Friday, October 10, 2008

Deceitfulness and the World

It breaks my heart when a loved one or friend sins against me and lies to me. God's word says, "But as for the cowardly, the faithless, the detestable, as for murderers, the sexually immoral, sorcerers, idolaters, and all liars,(E) their portion will be in(F) the lake that burns with fire and sulfur, which is(G) the second death." (Revelation 21:8. ESV.)

But what can be expected from those who have not received a rejuvenated heart of flesh to replace their heart of stone? What can I look forward to from a wayward and worldly person? Worldy expert Caroline Presno says, "Telling lies is a normal part of everyday life. People tell small lies to make themselves more likable or to spare other people's feelings.

However, it's when the lying gets out of hand that it becomes harmful to a budding relationship. If someone you are dating repeatedly lies to you for their own personal gain, you need to be aware of it. By becoming a better lie detector, you can prevent others from taking advantage of you, both literally and emotionally.

Here are eight ways to spot a liar:

1. Eyes aflutter. When people lie, their blink rate tends to go up.

2. The eyes have it. Conventional wisdom says that liars don't look you directly in the eye. And sometimes this is the case. However, research shows that practiced liars will actually give you more eye contact than people telling the truth!

3. Frankly, my dear. People who lie often feel the need to draw your attention to their trustworthiness. They may preface statements with words like "honestly," "frankly," and "truthfully." They're also likely to make assertions such as "I would never lie to you" and "I'm not lying."

4. Cool and casual. Most people expect liars to be nervous, but practiced liars know how to act casual while weaving a web. They may have their feet up or be slumped down in a chair as the lies flow.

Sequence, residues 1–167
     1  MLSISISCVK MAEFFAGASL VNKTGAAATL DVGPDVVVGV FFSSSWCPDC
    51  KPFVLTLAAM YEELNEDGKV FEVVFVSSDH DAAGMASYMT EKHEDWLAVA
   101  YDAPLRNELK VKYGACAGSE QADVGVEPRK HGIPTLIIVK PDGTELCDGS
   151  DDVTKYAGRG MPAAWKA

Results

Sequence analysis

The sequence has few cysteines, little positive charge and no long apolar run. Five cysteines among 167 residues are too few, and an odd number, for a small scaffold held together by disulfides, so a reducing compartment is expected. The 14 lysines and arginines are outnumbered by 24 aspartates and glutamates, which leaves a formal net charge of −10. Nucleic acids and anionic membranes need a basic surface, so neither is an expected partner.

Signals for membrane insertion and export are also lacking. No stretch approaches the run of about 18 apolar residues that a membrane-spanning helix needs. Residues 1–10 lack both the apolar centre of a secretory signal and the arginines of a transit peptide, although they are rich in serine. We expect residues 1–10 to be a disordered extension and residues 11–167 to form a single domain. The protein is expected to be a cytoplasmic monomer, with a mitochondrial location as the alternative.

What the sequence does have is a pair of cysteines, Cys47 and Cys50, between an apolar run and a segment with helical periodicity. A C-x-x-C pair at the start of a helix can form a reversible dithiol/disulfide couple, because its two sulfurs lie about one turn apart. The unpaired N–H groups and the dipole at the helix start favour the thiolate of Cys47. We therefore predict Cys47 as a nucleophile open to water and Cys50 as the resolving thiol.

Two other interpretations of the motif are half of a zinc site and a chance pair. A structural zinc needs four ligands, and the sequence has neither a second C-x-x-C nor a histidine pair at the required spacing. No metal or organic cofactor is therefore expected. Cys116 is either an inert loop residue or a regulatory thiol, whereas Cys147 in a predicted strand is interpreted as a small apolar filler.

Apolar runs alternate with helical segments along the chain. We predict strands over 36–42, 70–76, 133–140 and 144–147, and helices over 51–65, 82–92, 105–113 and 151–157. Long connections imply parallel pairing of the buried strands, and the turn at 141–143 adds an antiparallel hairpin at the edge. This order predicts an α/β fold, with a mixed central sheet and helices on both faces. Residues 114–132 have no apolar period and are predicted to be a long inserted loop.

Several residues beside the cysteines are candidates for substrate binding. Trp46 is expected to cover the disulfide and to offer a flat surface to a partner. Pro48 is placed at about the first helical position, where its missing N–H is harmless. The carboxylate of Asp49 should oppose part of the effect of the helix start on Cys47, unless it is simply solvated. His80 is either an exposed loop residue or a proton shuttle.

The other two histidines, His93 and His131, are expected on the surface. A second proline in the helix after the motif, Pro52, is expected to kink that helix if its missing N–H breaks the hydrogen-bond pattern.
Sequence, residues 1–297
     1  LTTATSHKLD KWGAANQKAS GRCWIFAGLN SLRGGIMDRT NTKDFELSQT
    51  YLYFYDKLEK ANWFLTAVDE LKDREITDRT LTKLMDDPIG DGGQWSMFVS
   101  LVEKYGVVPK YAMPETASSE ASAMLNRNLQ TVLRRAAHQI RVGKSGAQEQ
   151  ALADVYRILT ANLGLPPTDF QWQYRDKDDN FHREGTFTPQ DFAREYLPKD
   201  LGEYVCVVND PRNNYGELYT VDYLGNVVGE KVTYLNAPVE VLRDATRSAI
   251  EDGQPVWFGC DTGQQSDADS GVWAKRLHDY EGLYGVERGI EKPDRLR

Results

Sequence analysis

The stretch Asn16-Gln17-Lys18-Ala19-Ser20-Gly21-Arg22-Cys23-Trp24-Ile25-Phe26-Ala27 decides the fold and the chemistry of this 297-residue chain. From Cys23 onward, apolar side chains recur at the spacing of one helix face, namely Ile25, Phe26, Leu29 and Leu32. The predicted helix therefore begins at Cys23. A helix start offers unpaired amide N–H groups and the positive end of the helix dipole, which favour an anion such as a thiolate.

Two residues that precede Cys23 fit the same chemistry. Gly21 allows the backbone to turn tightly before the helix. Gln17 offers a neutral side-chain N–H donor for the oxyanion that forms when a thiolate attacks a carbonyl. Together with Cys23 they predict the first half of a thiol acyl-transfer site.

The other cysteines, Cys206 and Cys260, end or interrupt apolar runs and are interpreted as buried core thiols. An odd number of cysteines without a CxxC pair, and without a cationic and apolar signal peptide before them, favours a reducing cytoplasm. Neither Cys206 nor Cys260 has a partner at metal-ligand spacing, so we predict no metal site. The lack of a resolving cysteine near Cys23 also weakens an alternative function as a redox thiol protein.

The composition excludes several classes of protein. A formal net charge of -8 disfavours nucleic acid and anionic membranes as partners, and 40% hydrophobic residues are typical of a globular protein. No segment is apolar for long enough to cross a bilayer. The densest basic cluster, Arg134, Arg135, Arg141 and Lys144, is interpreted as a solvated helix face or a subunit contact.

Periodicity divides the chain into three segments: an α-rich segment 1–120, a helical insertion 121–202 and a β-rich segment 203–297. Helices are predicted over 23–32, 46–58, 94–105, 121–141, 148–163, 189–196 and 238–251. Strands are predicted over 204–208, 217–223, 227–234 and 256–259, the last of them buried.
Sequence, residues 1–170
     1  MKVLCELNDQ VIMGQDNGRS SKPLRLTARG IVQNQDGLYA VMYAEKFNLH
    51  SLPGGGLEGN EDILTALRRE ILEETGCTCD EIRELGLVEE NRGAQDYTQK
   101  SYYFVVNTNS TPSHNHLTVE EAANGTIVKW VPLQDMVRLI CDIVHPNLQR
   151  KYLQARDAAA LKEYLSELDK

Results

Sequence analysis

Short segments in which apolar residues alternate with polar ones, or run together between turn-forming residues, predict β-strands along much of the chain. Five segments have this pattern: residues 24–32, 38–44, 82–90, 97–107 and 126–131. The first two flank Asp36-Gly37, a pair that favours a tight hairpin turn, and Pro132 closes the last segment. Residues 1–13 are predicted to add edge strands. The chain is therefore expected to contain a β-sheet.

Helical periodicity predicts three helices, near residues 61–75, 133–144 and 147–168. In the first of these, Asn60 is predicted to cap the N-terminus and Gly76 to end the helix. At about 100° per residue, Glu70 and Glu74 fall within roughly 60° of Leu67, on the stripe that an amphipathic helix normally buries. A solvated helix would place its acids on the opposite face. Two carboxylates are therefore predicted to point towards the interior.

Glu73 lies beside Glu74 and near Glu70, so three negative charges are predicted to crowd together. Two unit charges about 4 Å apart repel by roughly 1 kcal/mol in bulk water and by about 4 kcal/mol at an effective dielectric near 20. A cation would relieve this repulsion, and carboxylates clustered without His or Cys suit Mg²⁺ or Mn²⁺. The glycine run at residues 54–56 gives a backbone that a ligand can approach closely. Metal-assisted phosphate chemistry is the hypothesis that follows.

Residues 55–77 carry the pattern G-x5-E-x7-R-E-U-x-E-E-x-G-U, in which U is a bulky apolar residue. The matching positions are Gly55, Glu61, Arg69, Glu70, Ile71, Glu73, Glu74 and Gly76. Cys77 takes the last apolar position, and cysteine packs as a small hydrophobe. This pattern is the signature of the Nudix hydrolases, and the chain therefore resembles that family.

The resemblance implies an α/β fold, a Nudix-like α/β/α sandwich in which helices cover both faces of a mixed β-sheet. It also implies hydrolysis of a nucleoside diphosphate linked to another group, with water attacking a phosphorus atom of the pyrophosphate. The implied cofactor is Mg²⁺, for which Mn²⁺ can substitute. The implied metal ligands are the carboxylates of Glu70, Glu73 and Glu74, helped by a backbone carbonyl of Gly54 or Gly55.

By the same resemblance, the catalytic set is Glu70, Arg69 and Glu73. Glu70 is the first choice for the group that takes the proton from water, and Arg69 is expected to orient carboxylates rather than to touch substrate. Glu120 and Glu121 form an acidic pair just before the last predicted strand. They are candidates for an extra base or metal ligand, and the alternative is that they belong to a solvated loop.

5. Behind the smile. A liar's smile is different from a truth-teller's smile. According to research, true "enjoyment smiles" are so big and bright that you'll notice a crinkle around the eyes. These authentic smiles last for less than five seconds. The "masking smile," or lie smile, tends to last longer than five seconds, doesn't involve the eyes, has a hint of negative emotion, and may be crooked.

6. Sticking to it. Good liars stick to the true parts of their story as much as possible and insert lies at key points. Good liars stick to the true parts of their story as much as possible and insert lies at key points. If you suspect you're being lied to, don't be fooled into thinking that the whole story is true, even if you can confirm that parts of it are true.

7. Derailed by details. Liars often try to divert you from their falsehoods by detailing you to death. They'll get you so bogged down by the minutiae of the story that you lose track of what they're saying or you get tired of listening. Never hesitate to ask for clarification if the story seems confusing or doesn't add up.

8. It's not me, it's you! If you catch someone in a lie, they'll frequently try to turn it back on you. "You must be crazy. I never said that!" or "You must have memory loss because that's not the way it happened."...

The more people lie and get away with it, the more lies they tell. Stop the cycle by confronting the lies! (Dating 101: Eight Ways to Spot a Dishonest Date by Dating expert Caroline Presno, Ed.D., P.C.C.)

Is it only when "the lying gets out of hand that it becomes harmful" or should I be concerned about the little lies as well? For isn't it "out of the abundance of the heart the mouth speaks"? (Matthew 12:34. ESV.) Albert Mohler reminds me, "The Bible clearly affirms that what is done with the body is directly related to the soul.” And what should I say to the loved one who repeatedly sins against me?

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